On purpose hehehe Possibility 3 doesnt require a chain of events, it just requires....well, possiblity 3 itself... but in all honesty I'm kinda skeptical about 3... it wasnt a "stale" product (i.e. tried to sell and wasnt able, etc), I dont see a big reason? although its always a possiblity... likely there were easier/quicker bail-outs of the yacht than sinking her?



Quote:
Originally Posted by Marmot
Please refrain from posting in such as way as to imply that I made any statement that brought into question the quality of the yard or its products.

Quite the opposite is true as should be easily understood by reading my statement:

"That fact has nothing whatsoever to do with the builder, class surveyor, architect, or anyone's ego."
You said: Did you forget to put a smiley after that statement? in response to the "reputable yard" reference by 3ala2, unless i'm mistaken you were being sarcastic, i.e. imply what I interpreted as a questionable (not-reputable) yard? did I misunderstand the comment?


Quote:
Originally Posted by Marmot
1 and 2 together virtually assure the vessel's loss.
Alas we agree totally!

cheers and have a great weekend guys!
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Old 03-02-2012, 10:05 PM   #145 (permalink)
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Some of the posts above seem to imply that the insurance would not pay the claim in case of human error. I have no experience filing and dealing with claims but it seems to me that human error is covered. Illegal or fraudulent acts, no; gross negligence, no; but human error is covered.
I have had a lot of experience with yacht insurance claims and, in most cases, claims based on human error. You are exactly correct that human error is covered. Run it up on the rocks at full throttle at night while making out with your secretary? Covered. Drill a bunch of holes in the hull and (when that doesn't sink it fast enough) cut the hoses on five raw water intakes? Not covered.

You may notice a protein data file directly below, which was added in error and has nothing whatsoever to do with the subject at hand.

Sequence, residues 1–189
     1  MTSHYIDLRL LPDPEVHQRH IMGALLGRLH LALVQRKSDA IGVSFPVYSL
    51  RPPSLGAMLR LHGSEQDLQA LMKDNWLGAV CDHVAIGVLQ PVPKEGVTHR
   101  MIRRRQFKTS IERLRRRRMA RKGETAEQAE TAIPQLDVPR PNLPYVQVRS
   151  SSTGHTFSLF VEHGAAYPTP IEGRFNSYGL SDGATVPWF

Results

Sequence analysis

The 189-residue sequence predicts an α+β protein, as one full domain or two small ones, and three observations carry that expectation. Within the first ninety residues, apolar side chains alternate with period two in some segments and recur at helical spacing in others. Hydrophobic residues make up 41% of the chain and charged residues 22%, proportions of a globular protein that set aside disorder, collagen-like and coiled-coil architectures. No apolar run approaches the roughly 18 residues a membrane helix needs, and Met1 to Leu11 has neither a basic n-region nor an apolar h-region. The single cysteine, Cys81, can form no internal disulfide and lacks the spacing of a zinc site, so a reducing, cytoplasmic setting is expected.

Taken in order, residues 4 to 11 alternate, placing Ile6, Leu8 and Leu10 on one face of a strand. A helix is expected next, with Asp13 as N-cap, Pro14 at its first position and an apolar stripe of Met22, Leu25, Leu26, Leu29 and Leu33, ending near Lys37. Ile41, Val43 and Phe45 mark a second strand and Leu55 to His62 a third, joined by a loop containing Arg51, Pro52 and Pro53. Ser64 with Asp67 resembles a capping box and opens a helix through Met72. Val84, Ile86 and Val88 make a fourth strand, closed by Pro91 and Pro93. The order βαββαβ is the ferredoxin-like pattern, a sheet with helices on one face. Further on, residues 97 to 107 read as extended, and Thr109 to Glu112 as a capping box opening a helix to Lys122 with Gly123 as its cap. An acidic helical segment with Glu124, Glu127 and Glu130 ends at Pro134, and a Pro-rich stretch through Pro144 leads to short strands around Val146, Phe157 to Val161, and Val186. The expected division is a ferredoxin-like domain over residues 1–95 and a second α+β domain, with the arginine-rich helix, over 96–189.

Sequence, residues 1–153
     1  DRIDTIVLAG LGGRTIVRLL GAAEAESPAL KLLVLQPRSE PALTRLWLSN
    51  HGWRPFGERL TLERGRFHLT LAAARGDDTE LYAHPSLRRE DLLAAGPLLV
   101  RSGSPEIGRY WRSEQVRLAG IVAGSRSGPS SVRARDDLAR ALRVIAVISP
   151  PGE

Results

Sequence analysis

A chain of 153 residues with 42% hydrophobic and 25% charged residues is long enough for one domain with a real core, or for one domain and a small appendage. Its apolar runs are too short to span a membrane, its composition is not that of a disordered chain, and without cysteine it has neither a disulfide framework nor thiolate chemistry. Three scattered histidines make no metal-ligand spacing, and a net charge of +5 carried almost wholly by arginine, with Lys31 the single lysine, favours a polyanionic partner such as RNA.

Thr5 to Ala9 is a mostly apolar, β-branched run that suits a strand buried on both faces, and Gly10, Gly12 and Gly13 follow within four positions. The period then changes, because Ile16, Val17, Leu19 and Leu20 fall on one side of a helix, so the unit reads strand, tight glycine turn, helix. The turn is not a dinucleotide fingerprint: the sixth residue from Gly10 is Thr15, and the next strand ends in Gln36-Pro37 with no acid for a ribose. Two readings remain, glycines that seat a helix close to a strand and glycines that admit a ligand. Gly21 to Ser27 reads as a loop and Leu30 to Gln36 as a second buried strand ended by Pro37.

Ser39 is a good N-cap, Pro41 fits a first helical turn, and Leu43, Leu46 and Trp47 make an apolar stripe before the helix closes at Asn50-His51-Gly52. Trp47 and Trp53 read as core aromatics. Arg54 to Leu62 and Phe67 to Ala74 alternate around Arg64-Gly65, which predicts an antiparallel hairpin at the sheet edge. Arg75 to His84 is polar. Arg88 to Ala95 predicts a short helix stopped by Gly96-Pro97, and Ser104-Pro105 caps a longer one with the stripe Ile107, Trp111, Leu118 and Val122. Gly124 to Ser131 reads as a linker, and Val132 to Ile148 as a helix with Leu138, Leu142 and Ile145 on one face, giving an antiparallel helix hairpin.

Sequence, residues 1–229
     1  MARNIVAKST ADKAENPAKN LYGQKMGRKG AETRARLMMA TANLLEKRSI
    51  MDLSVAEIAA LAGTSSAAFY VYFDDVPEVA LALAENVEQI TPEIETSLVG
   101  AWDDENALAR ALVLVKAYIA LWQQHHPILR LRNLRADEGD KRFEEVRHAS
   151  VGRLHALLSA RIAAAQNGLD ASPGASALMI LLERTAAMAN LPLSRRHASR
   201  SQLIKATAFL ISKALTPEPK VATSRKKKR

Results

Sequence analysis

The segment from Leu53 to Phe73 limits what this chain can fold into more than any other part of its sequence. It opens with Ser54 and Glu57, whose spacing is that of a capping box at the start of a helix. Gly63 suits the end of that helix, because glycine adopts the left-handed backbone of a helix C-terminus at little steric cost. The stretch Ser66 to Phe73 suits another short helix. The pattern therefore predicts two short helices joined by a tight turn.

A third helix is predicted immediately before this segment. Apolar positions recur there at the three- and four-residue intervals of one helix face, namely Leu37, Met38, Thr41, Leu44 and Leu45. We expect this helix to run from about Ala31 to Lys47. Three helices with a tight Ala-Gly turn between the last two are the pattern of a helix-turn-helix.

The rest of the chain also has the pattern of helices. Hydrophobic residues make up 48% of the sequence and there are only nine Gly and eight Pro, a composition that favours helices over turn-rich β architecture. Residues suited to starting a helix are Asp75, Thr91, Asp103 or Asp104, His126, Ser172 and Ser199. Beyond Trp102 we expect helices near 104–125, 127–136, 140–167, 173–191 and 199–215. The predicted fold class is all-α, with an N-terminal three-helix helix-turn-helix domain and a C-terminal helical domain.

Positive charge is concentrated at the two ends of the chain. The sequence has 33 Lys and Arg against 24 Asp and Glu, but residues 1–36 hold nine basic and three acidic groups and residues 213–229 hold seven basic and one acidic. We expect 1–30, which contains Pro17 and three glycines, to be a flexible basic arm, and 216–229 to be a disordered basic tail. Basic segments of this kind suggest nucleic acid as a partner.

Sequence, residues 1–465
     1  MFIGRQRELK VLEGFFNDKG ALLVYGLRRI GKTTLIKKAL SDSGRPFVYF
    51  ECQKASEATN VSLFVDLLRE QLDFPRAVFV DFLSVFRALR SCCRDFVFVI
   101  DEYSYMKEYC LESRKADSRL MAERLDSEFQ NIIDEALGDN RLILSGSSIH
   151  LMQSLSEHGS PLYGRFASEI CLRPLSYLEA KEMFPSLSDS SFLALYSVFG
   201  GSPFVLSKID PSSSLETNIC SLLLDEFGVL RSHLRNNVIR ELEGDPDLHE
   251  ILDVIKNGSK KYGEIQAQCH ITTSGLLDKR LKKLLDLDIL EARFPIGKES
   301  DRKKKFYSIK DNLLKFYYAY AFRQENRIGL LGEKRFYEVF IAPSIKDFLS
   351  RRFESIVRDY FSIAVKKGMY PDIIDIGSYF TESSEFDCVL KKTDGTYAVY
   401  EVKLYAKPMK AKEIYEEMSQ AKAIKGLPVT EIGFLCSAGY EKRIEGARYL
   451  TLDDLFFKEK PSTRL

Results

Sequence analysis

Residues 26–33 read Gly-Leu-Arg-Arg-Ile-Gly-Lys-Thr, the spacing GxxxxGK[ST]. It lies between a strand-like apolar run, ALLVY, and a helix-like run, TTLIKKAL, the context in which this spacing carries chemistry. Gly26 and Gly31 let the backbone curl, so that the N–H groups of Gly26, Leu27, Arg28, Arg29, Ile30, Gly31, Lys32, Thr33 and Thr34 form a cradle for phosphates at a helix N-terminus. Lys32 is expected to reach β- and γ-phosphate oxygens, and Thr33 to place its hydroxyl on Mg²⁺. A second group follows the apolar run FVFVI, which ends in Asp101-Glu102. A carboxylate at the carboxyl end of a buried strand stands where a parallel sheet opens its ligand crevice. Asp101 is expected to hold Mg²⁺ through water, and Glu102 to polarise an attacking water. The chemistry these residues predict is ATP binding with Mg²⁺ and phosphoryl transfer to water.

Yep...both of these are actual events.
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Old 03-02-2012, 11:36 PM   #146 (permalink)
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I do believe that any professional crew that will be permenant on a ship should be sent to a training and testing facility even if they just finished training or survived a disaster, that is how I play ball.
HI,

Given this as a procedure when would you suggest that the crew actually gain practical experience?

Who would you suggest foots the bill for the cost of the courses and accommodation etc for the crew undertaking this training?

Last edited by K1W1; 03-02-2012 at 11:36 PM.. Reason: Typo
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Old 03-02-2012, 11:43 PM   #147 (permalink)
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According to the last available AIS graph, she was anchored for few hours between 20:30Hours on the 15th and 05:10Hours on the 16th, then had a heading of 201degrees at 05:17hours on the 16th doing 8.6knts. After that went stealth (Even though not running with owner or guests and in friendly waters). Could that be a part of the chain or just they pre-planned resting? I am saying so just to favor considering all aspects because the mayday call went off after almost 19 hours of setting sail.

Cheers.
Hi,